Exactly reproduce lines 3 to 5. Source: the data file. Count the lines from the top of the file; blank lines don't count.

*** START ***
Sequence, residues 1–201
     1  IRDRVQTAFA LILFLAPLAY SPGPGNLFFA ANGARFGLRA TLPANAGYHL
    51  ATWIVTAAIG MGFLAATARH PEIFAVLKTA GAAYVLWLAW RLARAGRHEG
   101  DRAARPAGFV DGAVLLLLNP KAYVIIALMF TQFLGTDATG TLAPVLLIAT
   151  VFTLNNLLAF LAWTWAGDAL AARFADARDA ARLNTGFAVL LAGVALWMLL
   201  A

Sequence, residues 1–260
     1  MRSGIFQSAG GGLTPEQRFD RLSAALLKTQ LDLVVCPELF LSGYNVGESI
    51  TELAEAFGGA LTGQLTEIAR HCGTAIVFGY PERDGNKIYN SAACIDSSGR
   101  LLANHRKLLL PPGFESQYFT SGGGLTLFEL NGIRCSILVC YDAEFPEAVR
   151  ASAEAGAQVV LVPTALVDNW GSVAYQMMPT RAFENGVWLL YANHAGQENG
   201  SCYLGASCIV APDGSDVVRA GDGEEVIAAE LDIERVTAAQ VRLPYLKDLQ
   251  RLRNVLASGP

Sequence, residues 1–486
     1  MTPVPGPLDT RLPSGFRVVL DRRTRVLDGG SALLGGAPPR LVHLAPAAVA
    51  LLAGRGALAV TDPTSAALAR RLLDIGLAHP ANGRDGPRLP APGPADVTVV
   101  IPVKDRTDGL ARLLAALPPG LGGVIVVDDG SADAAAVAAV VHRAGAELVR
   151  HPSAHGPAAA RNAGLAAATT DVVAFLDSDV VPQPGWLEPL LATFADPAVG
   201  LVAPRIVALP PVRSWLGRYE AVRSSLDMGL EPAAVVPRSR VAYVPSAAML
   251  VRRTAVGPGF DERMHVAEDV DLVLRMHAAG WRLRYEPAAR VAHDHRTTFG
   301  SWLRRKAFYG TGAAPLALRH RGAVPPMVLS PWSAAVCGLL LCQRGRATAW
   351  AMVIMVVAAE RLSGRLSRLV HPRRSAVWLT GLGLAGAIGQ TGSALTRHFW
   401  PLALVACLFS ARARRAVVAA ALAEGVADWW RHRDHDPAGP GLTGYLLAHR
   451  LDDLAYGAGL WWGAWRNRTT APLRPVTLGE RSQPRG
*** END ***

    51  ATWIVTAAIG MGFLAATARH PEIFAVLKTA GAAYVLWLAW RLARAGRHEG
   101  DRAARPAGFV DGAVLLLLNP KAYVIIALMF TQFLGTDATG TLAPVLLIAT
   151  VFTLNNLLAF LAWTWAGDAL AARFADARDA ARLNTGFAVL LAGVALWMLL